Michael, hearing about this notified Evie, who quickly went to the foyer to get him. Ethan, upon seeing mom, ran back inside the chapel to where the deacon's gather before returning the trays to the Priests. Thinking he was on "free base," he was now back in my view, and not knowing what had just transpired in the foyer, I observed him sticking his tongue out to somebody (Evie) who was apparently just out of view in the door way. Garrett finished his rows of pews and took his place in line along side Ethan. Garrett, however, was apparently standing too close to Ethan, and got a shove from him.

Ethan, who was now crying again, and the other boys, returned the bread trays and took their places for the next prayer (at this point the Bishop leaned over to me and whispered"it's okay."). After the prayer was said the boys passed the trays of water to the congregation, which apparently happened without any further issues.

Following the conclusion of the sacrament being passed to the congregation the boys returned to sit with their families in the congregation. It is at this point in the meeting that our speakers began. We first heard from Drake L. who gave a great talk on being kind to family members, then we heard from "Cookie" Cox who spoke about forgiving others and not judging. How ironic!!

About half-way through her talk, from the corner of my eye, I saw Ethan dashing up the aisle to the stand. He quickly climbed the few steps to the stand and was making his way towards me. As he walked up he loudly announced, "Sacraments over dad, can we go now?"  I pulled him towards me, whispered that it wasn't finished yet, and asked him to sit with me. He sat down on my lap threw his arms around me, hugged me, and laid his head on my shoulder. (I certainly could have used a larger chair today.)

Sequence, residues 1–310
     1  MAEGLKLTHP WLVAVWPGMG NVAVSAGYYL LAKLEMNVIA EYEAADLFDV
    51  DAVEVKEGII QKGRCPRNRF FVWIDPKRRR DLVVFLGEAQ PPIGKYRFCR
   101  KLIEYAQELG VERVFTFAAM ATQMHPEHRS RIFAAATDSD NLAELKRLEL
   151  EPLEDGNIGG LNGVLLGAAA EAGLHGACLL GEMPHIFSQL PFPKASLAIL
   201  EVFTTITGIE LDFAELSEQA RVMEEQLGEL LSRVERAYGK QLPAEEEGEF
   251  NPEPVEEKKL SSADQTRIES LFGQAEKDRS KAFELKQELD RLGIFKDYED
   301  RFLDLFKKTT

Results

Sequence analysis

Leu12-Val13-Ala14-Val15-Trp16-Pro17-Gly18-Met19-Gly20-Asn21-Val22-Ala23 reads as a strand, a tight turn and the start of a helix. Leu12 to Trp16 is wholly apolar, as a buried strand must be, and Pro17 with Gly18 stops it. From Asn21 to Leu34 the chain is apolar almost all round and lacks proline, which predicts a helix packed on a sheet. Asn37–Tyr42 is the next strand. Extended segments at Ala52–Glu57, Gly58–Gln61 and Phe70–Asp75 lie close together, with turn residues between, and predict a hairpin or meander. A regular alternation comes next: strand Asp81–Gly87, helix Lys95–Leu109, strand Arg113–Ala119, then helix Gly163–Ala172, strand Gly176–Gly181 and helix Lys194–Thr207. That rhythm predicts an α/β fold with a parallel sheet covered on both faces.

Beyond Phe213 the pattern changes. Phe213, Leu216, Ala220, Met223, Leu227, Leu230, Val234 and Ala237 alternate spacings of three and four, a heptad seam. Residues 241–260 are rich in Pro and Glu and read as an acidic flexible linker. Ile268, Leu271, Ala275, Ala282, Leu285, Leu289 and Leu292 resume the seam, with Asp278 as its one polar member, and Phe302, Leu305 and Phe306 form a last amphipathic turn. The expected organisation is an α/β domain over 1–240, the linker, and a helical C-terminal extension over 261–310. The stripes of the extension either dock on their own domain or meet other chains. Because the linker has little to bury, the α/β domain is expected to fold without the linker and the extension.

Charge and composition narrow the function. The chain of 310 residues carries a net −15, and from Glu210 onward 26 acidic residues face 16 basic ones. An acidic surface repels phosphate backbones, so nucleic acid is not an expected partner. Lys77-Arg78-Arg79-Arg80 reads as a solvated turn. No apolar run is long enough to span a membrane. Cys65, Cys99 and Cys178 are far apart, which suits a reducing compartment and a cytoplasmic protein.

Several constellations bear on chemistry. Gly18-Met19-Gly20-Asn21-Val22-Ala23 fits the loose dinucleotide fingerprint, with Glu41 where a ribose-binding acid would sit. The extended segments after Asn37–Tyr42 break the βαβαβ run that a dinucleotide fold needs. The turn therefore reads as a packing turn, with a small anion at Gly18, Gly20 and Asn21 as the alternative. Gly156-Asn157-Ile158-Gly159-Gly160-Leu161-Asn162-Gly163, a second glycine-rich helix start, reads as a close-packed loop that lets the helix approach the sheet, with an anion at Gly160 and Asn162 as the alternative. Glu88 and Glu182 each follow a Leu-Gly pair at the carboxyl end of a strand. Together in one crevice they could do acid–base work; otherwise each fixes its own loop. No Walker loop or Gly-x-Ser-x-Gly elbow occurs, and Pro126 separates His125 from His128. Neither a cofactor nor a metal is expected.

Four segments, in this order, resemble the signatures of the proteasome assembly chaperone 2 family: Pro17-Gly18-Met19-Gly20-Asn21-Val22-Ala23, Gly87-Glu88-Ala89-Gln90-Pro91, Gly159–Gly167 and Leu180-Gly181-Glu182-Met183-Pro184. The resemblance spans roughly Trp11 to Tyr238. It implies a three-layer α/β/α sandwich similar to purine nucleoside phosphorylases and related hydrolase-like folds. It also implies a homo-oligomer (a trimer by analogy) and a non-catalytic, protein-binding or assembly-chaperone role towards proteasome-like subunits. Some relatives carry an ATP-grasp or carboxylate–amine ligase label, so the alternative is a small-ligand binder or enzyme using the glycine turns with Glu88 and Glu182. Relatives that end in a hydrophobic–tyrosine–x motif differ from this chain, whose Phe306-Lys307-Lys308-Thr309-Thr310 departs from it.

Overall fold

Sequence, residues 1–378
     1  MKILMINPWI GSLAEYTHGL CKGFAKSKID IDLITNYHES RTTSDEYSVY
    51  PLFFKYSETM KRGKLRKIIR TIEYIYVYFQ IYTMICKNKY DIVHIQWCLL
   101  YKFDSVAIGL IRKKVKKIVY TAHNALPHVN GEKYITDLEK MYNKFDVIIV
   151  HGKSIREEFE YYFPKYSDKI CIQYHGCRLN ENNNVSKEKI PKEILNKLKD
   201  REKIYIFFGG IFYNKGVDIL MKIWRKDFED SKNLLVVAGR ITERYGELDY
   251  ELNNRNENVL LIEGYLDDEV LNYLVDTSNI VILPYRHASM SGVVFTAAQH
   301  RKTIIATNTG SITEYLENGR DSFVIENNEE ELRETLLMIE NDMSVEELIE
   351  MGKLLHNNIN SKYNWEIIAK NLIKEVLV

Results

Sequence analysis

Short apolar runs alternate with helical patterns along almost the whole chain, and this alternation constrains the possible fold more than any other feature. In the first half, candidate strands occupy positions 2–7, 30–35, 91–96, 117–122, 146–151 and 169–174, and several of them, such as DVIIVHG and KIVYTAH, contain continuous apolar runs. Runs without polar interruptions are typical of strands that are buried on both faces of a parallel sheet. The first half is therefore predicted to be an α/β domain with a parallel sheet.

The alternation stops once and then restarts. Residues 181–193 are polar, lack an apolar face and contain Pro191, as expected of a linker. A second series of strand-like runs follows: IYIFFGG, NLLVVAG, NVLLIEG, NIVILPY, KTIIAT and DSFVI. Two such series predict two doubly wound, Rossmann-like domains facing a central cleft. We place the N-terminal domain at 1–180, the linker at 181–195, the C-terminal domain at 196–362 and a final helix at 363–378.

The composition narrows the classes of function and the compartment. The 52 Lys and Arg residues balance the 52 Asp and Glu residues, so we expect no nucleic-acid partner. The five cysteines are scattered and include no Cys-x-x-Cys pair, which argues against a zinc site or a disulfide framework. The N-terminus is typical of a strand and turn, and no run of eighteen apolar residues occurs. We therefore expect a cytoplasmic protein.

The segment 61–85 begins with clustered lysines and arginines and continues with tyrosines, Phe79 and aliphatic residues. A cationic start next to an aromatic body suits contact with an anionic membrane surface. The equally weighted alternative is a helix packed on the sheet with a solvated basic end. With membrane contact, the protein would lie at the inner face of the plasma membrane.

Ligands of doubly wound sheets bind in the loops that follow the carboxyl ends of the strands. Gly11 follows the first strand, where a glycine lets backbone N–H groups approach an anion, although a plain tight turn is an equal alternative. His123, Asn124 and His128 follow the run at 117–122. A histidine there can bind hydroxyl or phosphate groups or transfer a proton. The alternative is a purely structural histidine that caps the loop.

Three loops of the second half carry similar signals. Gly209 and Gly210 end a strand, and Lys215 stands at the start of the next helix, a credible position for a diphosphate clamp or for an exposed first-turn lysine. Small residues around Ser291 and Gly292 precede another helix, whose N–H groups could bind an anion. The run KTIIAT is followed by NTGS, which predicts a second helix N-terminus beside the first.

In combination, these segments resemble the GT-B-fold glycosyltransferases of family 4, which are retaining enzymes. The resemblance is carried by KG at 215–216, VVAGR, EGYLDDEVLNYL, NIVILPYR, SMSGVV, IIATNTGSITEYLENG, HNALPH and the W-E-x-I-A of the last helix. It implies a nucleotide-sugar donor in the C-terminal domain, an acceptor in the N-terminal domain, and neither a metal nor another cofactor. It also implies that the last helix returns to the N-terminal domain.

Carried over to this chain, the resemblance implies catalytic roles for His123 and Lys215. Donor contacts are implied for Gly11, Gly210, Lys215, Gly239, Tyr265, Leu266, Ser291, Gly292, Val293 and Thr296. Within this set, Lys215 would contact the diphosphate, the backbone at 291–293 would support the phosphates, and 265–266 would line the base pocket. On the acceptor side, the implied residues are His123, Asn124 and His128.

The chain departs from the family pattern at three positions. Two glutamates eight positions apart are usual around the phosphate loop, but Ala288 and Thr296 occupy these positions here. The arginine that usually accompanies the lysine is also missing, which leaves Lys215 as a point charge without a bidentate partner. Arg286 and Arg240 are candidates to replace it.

After calming him down, I had him move to a seat just behind me and off to my right side so I could keep and eye on him. There he sat for the remainder of the meeting, quiet and content, for the most part. After a few minutes he realized he was sitting next to Garrett. Ethan loudly announced, "Sorry I called you a $h--!" Reached out his hand for a handshake and shook Garrett's hand. Garrett smiled, shook his hand and said, "It's okay."

It wasn't until later that Bishop Nobles words rang crisp and clear in our minds.

Following Sacrament meeting Evie, who was aware of the foyer episode took it upon herself to apologize to all who were present and may have been the brunt of the verbal barbs he was throwing about, while I proceeded to contact those she hadn't reached who had received his verbal assault in the chapel. When she approached Allan B to apologize, he told her somebody in the foyer asked him if Ethan had Tourette's, Allan just smiled and said, "No, Autism." Immediately, upon hearing Ethan had "special needs" any hard feelings people may have had disappeared.

I found Garrett, and apologized to him for what had happened, and thanked him for being so kind to Ethan. He simply said, "It's okay, I am here to help!"

Later, as Church was ending, Scoutmaster Steve's wife, Melissa, approached Evie and pulled her aside. She said she had been watching Ethan during the meeting and had observed his antics with Garrett, and those members in the front pews he had passed the bread to. She said, at first she was struck with dismay by what was happening, and what he was doing, but then watched him walk up to the stand.

It was then she realized. Here was a "special" little boy with "needs," in a young man's body, towering over his dad as he sat on his lap and hugged him. She said she did the only thing she could do, she just melted into tears!